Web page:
THE TRAIN BOY
The train rolled swiftly along over tht dead level of the prairie, All the after* noon I had looked oat upon the isms landscape, varied only by a town hers and there, and> even the towns were so muoh alike that one could not remember
the -difference between them. The day light had faded, and the oil lamps shed their dim light through the oar. I bad almost fallen asleep, when a shrill, child* lsh treble fell upon my ear ;
' Applos, peanuts, figs, oranges.' I looked up at the merchant, and mjr ey< i rested upon adimlr aive, bright*eyed boy, clad In a natty bloc uniform, including a cap with a gilt band.
'Apples, sir, two for five, oranges five cents, peanuts, figs, bandy,'
When the little merohant bad made tb»
tour of the coaches In the train be seated himself, with bis basket betide him, on the seat oppoiite my own, on »be other side of the aisle. • 1 Sing us a song, Billy,' said a gentleman seated near him, who was evidently well acquainted with the boy. • I'm 'fraid I can't sing good to-night,' replied the little fellow dplomatically 1 Ive got a bad cold.' ♦ Oh, never mind the cold,' Mid the other, ' Here's a dime to bay you some cough mixture/ " The lad deftly oaught the coinwhioh the gentleman tossed to him, bit it to see if it was genuine, and then transferred it to his pocket. ' < What shall I sing ?' he asked. ' Oh, anything, said the other. " Steal Away" will do.' Then m a sweet pare roioe the littit lod Bang the tender ballad " Steal away, steal away, Steal away to Jesus. Steal away, steal away, I ain't got long to live here My Lord calls me, and I must go, I ain't got long to stay hare." 1 Good, "Rood I' aaid tha gentleman w&d had evoked the song, and a shower of omill coin from the neighboring passengers rewarded the little ministrel. 'Now give us something lively.' And after a few moments the Bttle fellow struok up : . . . " Brer Eph'm got ds coon an' gopt on, gont on,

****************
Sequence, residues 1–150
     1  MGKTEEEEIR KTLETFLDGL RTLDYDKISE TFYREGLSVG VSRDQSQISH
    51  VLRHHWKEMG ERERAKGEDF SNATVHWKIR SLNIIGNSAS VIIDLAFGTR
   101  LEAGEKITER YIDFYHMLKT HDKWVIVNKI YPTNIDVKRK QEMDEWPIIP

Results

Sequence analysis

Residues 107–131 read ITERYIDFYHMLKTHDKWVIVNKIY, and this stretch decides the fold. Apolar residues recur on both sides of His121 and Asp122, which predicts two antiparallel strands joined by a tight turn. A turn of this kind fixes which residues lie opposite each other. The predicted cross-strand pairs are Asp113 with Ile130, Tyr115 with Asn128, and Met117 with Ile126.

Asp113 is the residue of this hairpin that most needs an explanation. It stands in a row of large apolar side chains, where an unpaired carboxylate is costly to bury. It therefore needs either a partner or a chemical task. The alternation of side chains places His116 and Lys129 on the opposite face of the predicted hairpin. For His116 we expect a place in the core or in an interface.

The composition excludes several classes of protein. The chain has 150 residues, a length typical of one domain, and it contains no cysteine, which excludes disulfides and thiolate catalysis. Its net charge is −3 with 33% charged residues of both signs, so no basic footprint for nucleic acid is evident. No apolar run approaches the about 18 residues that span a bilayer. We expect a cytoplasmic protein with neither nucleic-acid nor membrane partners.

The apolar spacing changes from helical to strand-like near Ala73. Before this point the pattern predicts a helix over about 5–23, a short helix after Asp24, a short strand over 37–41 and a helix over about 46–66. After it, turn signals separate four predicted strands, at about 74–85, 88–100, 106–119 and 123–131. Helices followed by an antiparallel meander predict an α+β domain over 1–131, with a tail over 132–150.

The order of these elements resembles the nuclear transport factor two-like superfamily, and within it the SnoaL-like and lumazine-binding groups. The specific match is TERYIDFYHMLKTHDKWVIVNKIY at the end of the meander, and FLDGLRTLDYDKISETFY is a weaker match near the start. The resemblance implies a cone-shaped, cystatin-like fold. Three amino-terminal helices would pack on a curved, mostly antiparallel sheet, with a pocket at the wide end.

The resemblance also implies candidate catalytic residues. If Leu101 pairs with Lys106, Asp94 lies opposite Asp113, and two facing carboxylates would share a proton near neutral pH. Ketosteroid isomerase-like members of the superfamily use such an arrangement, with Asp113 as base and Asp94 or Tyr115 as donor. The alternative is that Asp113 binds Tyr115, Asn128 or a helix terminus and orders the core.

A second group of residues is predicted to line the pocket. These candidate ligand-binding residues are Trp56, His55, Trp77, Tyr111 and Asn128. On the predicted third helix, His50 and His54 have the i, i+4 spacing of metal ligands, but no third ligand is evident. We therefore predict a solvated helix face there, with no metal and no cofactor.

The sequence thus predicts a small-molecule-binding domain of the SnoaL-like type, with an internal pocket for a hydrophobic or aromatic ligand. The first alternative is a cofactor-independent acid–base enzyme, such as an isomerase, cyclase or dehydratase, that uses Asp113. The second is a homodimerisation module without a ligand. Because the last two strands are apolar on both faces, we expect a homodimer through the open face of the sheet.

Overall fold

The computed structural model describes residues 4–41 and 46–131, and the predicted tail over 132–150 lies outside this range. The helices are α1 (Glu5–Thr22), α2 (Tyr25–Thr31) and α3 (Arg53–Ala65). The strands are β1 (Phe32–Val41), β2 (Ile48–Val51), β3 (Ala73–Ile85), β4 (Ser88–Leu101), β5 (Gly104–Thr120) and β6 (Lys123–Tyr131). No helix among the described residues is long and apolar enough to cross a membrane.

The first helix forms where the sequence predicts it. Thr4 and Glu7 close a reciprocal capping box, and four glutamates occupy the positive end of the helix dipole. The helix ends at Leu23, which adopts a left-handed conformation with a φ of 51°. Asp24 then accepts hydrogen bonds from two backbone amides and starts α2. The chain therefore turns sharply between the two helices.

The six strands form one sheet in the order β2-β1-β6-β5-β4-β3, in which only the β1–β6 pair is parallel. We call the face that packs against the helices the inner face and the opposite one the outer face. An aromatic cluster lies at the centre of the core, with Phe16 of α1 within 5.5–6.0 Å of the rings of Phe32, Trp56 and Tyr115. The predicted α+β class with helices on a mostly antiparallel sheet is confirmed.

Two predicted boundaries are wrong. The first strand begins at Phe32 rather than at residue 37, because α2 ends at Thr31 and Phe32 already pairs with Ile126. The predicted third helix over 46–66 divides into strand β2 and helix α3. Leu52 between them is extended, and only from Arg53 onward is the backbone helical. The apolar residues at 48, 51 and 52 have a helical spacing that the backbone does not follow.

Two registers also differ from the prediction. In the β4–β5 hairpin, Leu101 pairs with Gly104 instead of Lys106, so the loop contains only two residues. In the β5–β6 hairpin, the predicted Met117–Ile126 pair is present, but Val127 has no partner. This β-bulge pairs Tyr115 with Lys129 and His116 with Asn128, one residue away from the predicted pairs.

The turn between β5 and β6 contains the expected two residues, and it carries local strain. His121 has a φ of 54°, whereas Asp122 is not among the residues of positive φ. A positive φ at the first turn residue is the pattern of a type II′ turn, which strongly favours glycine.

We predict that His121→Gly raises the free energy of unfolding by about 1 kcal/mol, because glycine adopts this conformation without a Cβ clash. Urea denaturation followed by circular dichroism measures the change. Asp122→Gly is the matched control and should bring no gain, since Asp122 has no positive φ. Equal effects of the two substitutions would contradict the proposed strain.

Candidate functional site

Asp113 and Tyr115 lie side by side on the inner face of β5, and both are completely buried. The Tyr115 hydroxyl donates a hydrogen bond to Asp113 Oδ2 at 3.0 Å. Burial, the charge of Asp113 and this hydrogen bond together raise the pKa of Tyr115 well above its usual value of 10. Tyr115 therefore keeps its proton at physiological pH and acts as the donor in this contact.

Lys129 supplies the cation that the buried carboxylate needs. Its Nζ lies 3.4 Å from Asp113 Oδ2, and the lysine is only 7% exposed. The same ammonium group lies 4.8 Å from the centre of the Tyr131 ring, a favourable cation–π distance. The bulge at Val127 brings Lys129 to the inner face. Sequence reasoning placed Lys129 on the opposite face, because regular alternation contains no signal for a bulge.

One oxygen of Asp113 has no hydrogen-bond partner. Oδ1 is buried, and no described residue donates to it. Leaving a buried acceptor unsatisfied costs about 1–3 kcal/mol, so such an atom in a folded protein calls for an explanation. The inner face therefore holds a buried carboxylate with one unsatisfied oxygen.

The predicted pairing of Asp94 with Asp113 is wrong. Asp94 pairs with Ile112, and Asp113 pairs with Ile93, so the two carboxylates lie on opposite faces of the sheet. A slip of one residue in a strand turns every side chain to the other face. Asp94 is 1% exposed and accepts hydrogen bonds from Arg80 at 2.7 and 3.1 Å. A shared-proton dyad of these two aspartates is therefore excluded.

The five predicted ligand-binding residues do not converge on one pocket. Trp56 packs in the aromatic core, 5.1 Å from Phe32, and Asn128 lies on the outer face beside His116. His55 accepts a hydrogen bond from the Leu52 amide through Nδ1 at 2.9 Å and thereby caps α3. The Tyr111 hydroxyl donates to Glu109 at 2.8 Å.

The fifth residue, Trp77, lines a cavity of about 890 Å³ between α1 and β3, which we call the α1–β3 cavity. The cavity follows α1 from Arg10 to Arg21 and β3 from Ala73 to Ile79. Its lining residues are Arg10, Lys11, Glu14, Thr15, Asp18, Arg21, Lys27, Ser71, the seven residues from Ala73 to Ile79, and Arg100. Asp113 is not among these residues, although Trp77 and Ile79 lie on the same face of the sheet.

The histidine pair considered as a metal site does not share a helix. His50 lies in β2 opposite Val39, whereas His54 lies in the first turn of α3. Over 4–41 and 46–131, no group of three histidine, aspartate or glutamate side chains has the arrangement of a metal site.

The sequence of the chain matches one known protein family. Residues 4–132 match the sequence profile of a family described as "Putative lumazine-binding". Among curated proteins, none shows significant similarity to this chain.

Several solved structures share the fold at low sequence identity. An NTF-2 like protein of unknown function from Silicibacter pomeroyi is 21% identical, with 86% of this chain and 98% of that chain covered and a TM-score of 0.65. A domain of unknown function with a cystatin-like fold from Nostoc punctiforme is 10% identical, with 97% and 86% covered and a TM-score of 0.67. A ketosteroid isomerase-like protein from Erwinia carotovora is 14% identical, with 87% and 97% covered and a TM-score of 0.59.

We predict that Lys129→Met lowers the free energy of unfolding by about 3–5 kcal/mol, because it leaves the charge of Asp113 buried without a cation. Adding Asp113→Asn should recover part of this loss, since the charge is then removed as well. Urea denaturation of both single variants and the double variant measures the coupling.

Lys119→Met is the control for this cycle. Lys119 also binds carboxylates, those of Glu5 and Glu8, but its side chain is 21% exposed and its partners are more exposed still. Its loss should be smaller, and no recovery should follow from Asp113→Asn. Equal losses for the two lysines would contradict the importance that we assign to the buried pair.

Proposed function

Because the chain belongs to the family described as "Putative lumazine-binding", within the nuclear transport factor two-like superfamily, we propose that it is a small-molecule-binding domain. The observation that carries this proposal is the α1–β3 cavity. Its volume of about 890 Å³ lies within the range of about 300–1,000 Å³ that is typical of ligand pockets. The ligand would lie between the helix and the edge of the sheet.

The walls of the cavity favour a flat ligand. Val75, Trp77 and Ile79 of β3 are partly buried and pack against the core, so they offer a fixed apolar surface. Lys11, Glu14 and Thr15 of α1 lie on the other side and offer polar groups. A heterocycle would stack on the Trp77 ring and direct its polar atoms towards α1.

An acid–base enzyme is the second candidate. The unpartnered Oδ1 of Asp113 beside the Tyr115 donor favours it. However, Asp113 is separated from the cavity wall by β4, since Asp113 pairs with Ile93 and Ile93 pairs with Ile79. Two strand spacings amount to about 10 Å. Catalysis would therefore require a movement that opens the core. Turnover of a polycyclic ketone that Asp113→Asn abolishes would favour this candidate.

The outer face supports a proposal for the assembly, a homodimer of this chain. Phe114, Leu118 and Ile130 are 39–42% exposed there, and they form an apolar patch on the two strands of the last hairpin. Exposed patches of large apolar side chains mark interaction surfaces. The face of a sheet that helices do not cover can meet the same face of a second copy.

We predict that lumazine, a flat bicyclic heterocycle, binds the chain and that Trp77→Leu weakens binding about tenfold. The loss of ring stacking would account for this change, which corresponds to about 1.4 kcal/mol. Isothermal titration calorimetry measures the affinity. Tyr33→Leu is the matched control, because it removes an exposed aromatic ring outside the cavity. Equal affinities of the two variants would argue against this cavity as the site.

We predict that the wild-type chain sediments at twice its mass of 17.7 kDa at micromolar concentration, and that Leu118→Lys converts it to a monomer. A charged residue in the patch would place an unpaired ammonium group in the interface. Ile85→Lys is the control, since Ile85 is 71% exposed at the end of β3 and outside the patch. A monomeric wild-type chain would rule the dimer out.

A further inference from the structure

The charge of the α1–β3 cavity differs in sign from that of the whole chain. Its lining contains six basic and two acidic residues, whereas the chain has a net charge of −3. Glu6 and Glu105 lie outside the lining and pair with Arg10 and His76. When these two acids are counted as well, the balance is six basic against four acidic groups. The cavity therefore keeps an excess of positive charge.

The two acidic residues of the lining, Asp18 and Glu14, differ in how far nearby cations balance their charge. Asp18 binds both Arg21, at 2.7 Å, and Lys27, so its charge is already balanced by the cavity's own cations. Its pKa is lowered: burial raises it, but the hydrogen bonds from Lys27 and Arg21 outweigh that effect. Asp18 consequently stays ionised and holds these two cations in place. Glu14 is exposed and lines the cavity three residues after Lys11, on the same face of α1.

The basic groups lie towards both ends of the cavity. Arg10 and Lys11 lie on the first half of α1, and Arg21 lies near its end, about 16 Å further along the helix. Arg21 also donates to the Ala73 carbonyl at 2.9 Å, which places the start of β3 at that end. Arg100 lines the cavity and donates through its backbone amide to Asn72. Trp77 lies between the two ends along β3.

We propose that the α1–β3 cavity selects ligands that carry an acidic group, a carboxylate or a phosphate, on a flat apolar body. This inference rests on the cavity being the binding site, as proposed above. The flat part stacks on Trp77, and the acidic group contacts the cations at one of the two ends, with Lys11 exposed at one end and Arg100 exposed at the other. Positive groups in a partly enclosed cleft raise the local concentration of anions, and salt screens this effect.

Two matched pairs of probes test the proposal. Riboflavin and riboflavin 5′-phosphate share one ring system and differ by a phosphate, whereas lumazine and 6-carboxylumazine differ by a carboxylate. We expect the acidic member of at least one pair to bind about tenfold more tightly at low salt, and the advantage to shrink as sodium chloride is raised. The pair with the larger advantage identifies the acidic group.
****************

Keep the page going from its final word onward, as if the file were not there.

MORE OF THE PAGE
BrerEph'm got de ooon an' gone an, - An'lef'ma lookin' up de tree.'' : He sang the plantation melsdy with £ awing and ascent that brought on> all- the rhythm: and whan the linge.v got. through the amount of contributions ha. no«iv«d probably exceeded the profit* of hU d»»% sales,. • • • • • .... ;"..*•• * Oome here, Billy, 1 isld I when he htff •topped ilnglng, Ha came aorois to my sett. '•• How old are you 1' I aakod, • Ten last month, sir.' ' Where do ym live V He named the town, one of the termini of the railroad. 'Do you live ylth your father an* mother i. , ; '■-.::■..» 1 Live with mamma ; my father Is dead/ ttive you any brothers and listers V 'Seven,; «!r; four diatom and three brothers. ' ' Are you tbe youngest ?' . ' No,' he said, • I'm next to the oldest.' My brother Henry's four years oldei.'n me. but-he'e crippled, and hi goes to SOUOOir' 4 You don't ga to sohool V , ,\ 'Me J No-o 1 I've got to support thY family. Mamma takes In washing. If It wasn't for my earnings I don't know what they wonld do,' And the diminutive faoe beside me took on a serious look.